Bangkok, August 25, 2017 - Day 11/365
When I first started visiting Thailand, I would always hear the phrase, "Don't think too much." Fortunately, I do have the ability to compartmentalize when I choose to do so. If I believe an issue is important enough, I will attempt to analyze it from all angles. Then I'll review the issue, sleep on it, come back and review it again. This is my process, this is how my mind works. When I was younger, I would think on a situation sober and then go out, get drunk and see what I came up with once I awoke.
In the past week, a few dozen people have asked me to bring back the chowderhead videos. Some have said my answering these sort of questions are why I was put on this earth, others have said this is my niche, and a few others have begged me to continue because the videos make them laugh or make their day. Seriously? This is why I was put on earth? This might not have been meant as an insult, but that's how I took it. Sorry, I would like to believe I was put here for better reasons than to slam some idiot without a clue.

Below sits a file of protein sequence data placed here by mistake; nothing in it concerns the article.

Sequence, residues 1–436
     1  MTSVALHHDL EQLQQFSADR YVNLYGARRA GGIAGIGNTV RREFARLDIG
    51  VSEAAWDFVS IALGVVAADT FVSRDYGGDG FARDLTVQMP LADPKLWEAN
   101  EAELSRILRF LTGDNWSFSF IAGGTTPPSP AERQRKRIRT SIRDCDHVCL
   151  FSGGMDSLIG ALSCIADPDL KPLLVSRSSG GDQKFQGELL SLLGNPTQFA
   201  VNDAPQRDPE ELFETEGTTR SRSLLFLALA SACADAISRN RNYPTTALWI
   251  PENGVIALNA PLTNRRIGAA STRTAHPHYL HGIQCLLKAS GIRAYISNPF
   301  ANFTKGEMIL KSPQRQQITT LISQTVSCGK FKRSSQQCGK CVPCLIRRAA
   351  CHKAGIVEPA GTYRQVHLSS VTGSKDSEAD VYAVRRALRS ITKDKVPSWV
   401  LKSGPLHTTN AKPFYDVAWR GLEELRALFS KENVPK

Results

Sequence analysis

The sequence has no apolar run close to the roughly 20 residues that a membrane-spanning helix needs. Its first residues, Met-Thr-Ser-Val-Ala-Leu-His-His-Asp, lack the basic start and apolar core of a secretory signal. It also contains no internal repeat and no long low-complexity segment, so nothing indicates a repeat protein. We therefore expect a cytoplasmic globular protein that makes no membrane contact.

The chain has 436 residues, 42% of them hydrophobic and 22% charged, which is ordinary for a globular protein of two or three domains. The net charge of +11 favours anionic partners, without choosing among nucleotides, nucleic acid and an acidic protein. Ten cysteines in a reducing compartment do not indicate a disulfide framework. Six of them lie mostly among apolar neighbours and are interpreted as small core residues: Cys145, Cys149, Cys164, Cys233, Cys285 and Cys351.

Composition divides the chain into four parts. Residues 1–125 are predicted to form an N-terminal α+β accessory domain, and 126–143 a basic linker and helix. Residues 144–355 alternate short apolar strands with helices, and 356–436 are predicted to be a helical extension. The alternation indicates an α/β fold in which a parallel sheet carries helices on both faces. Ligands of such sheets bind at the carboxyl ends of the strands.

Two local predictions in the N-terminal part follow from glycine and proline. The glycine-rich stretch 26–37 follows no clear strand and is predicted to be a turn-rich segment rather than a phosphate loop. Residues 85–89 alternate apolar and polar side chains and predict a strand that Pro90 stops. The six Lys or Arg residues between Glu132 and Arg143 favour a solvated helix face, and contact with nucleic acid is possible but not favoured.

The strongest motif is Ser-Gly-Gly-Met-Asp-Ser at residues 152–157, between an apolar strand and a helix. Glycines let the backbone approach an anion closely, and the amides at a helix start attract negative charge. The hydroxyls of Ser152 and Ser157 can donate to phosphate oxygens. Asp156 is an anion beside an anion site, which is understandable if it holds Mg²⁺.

The fact I am not a comedian, never set out to make money from YouTube, and never considered myself a Dr. Phil or Ann Landers-type has nothing to do with my decision to stop making those type of videos. After all, we all start somewhere. I could make the videos in my sleep; take an email sent to me from some clueless sap, let my mind run wild, throw in a few expletives and upload. There will always be people who find them amusing.
Perhaps if the videos were raking in the dough and I was earning a million bucks a year (okay, maybe even $50K), I would be willing to ignore my growing distaste for this type of video and continue making them. But I'm not. Yes, I admit, if the videos earned enough to better my children's lives, I would sell out. The truth is, I am embarrassed by the chowderhead videos.
I asked myself the following question: "If the videos were photographs and I was asked to shoot a chowderhead spread for a magazine, would I be proud of my work?" The answer is a resounding no. Then I asked what is truly important to me. Chowderhead videos? I think not. I narrowed down my life to five important attributes: me, my family, photography, writing and video making — in this order. Then I asked myself what legacy would I like to leave my wife and sons. Of course, I hope they remember me as a good father, husband and provider. I also hope they will pass along my photographs, videos and books with pride. Depending on your perspective, this may come off as morbid or forward thinking. Doesn't really matter. What matters is my perspective; time spent on Chowderhead videos is a waste and should be spent engaging in more important activities.
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